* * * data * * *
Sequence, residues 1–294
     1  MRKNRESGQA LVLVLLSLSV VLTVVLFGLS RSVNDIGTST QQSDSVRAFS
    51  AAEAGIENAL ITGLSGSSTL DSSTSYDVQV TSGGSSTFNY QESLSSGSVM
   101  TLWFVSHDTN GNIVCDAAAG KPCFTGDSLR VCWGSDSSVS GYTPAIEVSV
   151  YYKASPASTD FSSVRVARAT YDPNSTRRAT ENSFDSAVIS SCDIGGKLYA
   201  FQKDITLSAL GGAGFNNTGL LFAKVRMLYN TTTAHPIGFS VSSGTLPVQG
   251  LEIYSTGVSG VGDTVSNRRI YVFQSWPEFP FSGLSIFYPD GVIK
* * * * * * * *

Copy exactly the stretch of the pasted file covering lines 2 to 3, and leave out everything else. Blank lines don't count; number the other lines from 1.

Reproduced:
     1  MRKNRESGQA LVLVLLSLSV VLTVVLFGLS RSVNDIGTST QQSDSVRAFS
    51  AAEAGIENAL ITGLSGSSTL DSSTSYDVQV TSGGSSTFNY QESLSSGSVM